Everything, Everywhere, All at Once (2022)
Film review #582
Director: Daniel Kwan, Daniel Scheinert
SYNOPSIS: Evelyn is an overworked laundromat owner who is preparing for her Father’s visit, an audit by the IRS, among everything else. She is suddenly forced into a battle across the multiverse to save every reality from being destroyed by a nihilistic entity who just so happens to be her daughter…
THOUGHTS/ANALYSIS: Everything, Everywhere, All at Once is a 2002 sci-fi film. The film centres around Evelyn, a laundromat owner who is being audited by the IRS, amongst a host of family issues as well. Evelyn is suddenly pulled into a battle to save the multiverse, and must tap into the possibilities of the different versions of herself to stop an evil entity from destroying everything. Operating on a number of different levels and perspectives, the film is inherently chaotic, and it is designed to be, but has specific themes and relationships that ground the film and provide an entryway into the story. Perhaps a few of these can be boiled down into very typical relationships and problems, but maybe that’s what makes them relatable and meaningful; I think your mileage may vary. Nevertheless, the film has a quick pace and packs a lot into it’s two and half hour runtime. Being a film about the infinite possibilities of existence and jumping between different realities, it would be quite easily to leave a viewer confused, or have the film get bogged down in technical jargon and exposition: fortunately, the film manages to keep its pacing and energy while setting itself up for the viewer, and switching around the different realities and revealing things in a piecemeal fashion help keep the film going.
In terms of characters, Evelyn as a role was made for Michelle Yeoh: it showcases her acting talent across all the different genres and roles she has done over the years. she takes on all the different roles she has to play effortlessly, while also retaining the everyday core of her character that is just trying to manage a business and her family. The rest of the cast too are solid in their roles that are uniquely carved out for them, and are a bit of stability in contrast to Evelyn’s constant flux.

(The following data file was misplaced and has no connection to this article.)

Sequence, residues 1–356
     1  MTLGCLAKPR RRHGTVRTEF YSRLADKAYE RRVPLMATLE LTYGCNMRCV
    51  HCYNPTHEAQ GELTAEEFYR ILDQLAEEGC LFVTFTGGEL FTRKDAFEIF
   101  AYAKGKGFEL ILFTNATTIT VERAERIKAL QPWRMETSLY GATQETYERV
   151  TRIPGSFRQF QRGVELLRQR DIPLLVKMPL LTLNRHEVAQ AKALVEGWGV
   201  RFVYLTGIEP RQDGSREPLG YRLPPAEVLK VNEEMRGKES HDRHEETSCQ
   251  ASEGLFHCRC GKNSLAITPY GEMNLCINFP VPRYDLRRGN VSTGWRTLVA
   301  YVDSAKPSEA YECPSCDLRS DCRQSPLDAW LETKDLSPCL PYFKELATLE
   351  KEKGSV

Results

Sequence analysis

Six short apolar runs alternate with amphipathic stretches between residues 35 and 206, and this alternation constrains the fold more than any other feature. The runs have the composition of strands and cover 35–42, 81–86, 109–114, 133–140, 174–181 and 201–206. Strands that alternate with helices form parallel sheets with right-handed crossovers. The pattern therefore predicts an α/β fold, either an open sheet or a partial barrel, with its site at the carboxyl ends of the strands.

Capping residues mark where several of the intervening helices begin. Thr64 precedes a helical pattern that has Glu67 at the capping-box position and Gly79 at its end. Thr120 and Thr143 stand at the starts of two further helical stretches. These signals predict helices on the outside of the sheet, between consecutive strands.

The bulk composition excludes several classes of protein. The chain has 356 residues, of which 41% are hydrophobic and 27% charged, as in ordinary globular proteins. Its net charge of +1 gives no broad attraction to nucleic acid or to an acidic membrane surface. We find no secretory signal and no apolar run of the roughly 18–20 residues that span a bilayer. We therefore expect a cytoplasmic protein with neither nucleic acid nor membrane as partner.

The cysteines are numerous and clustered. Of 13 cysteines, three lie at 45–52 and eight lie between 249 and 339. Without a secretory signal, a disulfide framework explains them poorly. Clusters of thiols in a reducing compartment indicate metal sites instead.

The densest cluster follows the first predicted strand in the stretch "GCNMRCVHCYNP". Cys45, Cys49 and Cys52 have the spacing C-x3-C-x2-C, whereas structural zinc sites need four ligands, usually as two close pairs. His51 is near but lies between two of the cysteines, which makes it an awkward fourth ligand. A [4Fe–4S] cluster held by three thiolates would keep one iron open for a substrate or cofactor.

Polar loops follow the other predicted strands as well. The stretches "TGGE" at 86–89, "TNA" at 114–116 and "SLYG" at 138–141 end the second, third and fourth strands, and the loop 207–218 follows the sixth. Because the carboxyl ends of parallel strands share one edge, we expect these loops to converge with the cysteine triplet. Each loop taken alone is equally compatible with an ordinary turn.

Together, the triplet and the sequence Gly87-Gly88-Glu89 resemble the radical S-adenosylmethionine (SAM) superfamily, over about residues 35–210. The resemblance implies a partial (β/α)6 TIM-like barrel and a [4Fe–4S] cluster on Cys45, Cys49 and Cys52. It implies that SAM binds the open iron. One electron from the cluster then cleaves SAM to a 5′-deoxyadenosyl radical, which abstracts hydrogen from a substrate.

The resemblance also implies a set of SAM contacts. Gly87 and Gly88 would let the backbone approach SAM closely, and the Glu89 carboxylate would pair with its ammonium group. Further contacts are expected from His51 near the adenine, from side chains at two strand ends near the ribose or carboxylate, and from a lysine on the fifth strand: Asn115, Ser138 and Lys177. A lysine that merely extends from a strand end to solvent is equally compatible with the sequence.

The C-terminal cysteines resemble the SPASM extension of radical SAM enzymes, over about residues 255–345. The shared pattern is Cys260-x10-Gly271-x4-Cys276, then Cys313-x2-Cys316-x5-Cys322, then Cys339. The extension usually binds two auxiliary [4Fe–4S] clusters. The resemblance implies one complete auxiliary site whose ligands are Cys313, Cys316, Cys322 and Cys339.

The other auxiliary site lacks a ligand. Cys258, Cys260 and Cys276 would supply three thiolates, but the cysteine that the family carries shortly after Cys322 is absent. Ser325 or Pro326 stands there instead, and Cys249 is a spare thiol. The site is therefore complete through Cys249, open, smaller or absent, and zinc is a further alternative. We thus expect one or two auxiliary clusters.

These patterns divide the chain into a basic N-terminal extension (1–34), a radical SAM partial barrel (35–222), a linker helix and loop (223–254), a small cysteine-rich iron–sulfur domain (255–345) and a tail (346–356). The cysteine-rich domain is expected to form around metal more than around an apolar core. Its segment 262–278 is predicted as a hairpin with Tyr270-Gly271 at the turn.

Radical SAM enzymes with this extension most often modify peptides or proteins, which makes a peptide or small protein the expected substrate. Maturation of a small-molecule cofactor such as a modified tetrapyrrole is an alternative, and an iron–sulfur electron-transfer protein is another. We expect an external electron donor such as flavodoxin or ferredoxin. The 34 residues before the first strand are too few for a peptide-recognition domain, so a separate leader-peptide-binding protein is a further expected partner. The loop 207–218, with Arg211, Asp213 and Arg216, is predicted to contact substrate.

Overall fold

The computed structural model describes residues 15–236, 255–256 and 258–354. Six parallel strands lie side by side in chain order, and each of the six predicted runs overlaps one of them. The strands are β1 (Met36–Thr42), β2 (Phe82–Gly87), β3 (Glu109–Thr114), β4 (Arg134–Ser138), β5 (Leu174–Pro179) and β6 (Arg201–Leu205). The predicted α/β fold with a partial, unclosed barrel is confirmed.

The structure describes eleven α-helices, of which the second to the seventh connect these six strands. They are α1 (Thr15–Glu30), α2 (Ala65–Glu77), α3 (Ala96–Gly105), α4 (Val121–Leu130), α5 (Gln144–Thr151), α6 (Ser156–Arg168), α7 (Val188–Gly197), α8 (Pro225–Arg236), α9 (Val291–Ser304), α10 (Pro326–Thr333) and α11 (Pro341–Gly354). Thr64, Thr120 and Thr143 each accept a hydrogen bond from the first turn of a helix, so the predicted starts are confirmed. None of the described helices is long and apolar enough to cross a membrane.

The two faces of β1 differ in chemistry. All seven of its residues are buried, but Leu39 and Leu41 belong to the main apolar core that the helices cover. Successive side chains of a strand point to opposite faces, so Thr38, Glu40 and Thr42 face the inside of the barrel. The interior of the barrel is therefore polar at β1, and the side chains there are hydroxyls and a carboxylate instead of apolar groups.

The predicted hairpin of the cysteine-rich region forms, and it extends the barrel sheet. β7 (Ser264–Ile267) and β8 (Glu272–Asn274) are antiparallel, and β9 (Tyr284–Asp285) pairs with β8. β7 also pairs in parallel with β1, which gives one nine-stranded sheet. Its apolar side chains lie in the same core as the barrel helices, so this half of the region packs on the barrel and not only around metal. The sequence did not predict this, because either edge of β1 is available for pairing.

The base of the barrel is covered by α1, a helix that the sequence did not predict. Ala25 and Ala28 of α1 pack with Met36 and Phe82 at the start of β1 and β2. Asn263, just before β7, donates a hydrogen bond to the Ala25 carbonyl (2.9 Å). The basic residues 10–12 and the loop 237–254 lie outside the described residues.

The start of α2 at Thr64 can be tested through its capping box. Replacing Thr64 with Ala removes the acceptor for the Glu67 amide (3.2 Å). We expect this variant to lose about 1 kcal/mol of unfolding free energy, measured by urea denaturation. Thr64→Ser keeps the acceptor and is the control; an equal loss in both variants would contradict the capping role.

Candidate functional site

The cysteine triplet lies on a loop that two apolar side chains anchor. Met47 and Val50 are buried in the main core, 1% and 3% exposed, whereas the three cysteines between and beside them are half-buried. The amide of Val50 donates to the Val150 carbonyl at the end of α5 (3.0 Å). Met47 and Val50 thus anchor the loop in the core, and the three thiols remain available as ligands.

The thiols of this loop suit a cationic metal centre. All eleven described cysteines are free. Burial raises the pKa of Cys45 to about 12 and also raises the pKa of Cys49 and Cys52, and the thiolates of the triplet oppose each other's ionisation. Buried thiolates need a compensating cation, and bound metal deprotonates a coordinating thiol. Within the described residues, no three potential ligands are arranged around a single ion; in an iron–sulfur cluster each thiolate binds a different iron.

Credit should be given to the writing of the film that balances the right amount of entertainment, drama, action, and emotional moments that are switched between to avoid the film becoming too bogged down in any particular details. The film makes it simple enough to go along for the ride, but also provides some powerful emotional moments that hit when you least expect. The film does wobble a bit near the end, where I don’t think it sets up the climax of the film as such, because the film has had so much energy and motion that you don’t realise that this is where everything is coming to a head, and not just another step somewhere else. The philosophical clash between a humanist existentialism and a nihilistic meaninglessness has some weight to it at the end, but it’s not something explored throughout the film so it feels like you’re getting a pay off from everything you experienced. Part of that is intentional: that out of all the different possibilities and realities, what matters is the seemingly drab one that you inhabit, and because everything is valid (in other universes), then no single one is more meaningful than the other. As mentioned, some of the themes and characters are boiled down to rather simple positions or outlooks by the film’s end, but these are all minor gripes about a film that does so well with so many things, and turns in solid performances from the cast, as well as navigating a host of different themes: keeping things interesting for casual movie-goers, while also not being afraid to delve deeper into heavier subjects when necessary. Overall, Everything, Everywhere, All at Once is a high energy mix of films that nevertheless relies on a careful arrangement of it’s parts so it doesn’t fall into a giant mess. Being able to sustain interest and attention across the runtime thanks to solid performances, fun action scenes, and emotional moments that pull you back in. A few missed beats around pacing and oversimplifying certain positions don’t upset the overall impact of a film that both opens itself to the infinite possibilities of existence, while still making the here and now matter.